I can remember the first time that I read this book it was in one sitting as I just couldn't stop reading. By the time I had finished I realised it was dark outside. My mother is a big fan of the series also.
Since 1998 I have also run a website about the Tomorrow series and have answered many questions about the book as well as being mistaken for the author many times.
The latest news I have heard about the film adaptations is that the rights had been bought by a Sydney based production company who plan to produce all the movies in the one year.
As it's been a few years since I first did a review of this book and the fact that
I have now read it about four times as well as listening to it once on tape,
I thought I should take the time to have a look at it again.
The format I will take in this review is to give my feelings on each thing
I consider important in turn: story, characters, situations and the language used.
What I like so much about the story is that it starts out like a normal description
of a camping trip by a girl with her friends, but before long something much
darker has been foreshadowed.
My favourite part of the story would have to be the description of the characters first reactions to the situation they find themselves in. On reading this section I always get a sinking feeling in my stomach as the way the story proceeds just seems to be spot on and very graphic.
I suppose most people's favourite sections of the story would be the descriptions
of the characters 'in action' around their home town. Probably the fact that I
have read this book a few times, means that they have lost their impact for me.
If you were reading it for the first time however, you would probably get more
of a sense of suspense and excitement from these passages in the story.
As I don't want to give away the ending, I'd just like to say that I thought
it was very well handled and seemed to be a fitting end to the story.
The character development of this novel is something that also stands out.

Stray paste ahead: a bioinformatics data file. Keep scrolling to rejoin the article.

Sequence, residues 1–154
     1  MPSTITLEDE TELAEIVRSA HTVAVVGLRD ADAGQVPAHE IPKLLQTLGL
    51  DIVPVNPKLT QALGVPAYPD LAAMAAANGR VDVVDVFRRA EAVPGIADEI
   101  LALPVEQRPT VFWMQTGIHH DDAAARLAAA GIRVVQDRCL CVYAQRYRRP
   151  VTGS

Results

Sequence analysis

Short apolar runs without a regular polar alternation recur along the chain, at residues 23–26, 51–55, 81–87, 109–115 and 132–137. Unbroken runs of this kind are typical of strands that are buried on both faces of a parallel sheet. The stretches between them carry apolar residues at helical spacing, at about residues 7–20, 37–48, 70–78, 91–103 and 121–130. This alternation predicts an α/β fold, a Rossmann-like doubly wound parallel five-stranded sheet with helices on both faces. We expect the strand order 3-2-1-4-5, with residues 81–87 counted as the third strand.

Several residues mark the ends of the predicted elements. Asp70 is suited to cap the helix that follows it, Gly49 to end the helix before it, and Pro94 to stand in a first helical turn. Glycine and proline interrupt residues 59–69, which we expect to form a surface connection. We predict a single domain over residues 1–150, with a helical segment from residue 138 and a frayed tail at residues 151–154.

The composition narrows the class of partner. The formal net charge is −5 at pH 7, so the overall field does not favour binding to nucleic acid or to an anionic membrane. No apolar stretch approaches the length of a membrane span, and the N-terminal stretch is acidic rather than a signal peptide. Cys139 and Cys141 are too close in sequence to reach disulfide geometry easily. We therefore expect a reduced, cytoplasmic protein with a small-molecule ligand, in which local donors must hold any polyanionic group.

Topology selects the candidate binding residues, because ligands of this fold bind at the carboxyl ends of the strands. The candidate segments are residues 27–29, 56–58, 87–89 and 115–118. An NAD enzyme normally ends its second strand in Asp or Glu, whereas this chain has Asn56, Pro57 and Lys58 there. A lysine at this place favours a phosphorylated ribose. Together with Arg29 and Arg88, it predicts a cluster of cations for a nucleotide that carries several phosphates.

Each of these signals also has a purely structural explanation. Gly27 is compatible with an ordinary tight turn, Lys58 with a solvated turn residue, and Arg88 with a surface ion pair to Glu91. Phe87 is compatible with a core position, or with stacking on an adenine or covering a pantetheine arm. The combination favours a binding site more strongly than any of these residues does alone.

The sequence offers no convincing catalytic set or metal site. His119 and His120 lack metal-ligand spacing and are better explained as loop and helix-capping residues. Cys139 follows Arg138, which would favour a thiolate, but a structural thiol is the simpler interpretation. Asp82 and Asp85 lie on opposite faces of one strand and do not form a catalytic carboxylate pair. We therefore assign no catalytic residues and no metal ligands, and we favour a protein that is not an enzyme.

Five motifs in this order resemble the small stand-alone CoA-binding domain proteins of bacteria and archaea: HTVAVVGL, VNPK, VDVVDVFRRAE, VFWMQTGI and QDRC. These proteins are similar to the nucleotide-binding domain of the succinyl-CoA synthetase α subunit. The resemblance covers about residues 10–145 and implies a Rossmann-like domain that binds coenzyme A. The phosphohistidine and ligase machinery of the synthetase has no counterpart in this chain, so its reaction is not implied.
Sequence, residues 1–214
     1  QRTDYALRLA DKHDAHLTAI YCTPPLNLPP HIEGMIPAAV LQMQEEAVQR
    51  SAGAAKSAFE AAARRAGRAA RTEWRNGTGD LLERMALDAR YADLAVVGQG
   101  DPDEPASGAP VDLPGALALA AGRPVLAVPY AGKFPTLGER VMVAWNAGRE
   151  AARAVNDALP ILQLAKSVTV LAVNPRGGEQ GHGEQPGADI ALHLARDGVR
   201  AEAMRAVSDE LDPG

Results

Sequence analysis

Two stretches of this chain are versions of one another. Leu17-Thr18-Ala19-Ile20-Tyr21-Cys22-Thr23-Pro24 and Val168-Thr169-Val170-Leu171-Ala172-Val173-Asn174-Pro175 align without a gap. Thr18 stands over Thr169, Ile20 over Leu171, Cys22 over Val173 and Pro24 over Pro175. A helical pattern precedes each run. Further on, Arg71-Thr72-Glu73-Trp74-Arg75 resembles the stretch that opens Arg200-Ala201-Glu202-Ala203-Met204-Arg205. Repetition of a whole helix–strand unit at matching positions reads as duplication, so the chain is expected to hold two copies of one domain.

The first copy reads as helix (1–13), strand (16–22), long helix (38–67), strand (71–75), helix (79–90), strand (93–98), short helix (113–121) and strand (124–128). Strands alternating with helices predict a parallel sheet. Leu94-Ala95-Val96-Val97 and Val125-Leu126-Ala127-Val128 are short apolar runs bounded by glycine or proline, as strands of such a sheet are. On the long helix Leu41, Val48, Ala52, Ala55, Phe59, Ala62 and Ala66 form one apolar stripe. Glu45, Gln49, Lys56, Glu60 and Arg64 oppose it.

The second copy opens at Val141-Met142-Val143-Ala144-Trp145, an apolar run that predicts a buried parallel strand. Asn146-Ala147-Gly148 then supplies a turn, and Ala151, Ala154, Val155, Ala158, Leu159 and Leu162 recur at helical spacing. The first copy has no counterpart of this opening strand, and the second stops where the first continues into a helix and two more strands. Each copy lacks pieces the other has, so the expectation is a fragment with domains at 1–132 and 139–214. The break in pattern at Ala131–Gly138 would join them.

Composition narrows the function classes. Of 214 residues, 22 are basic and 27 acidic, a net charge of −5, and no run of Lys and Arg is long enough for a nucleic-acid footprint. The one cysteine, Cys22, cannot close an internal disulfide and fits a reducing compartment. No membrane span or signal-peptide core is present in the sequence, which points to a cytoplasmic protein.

In the start of the story, it is established that there is really nothing
special about the people being described by the narrator, they
could be your own friends.
What is done very well with the characters, is that they are portrayed realistically
and not idealised or made into heroic figures. Their reactions are what you would
expect to the things they experience. How they interact with one another in
these situations is also portrayed truthfully.
Considering the topic of the book, I believe the situations show are fairly realistic.
As I have no experience in living in a war zone, I can't really tell you what degree
of realism they really possess. All I know is what I have seen through the news media
about East Timor and similar countries experiencing conflict.
The 'sneaking around in the dark' situations in this book also seem to be well written. Probably the closest thing you could get to experiencing the same situation of 'sneaking around' in real life, would be to join an organisation called the Cave Clan
(after you turn 18 of course), as they regularly explore places other
people don't want them to be.
On repeated readings, probably the only thing that doesn't seem to stand up as well
to scrutiny is the language used. Given the original audience of the novel, this can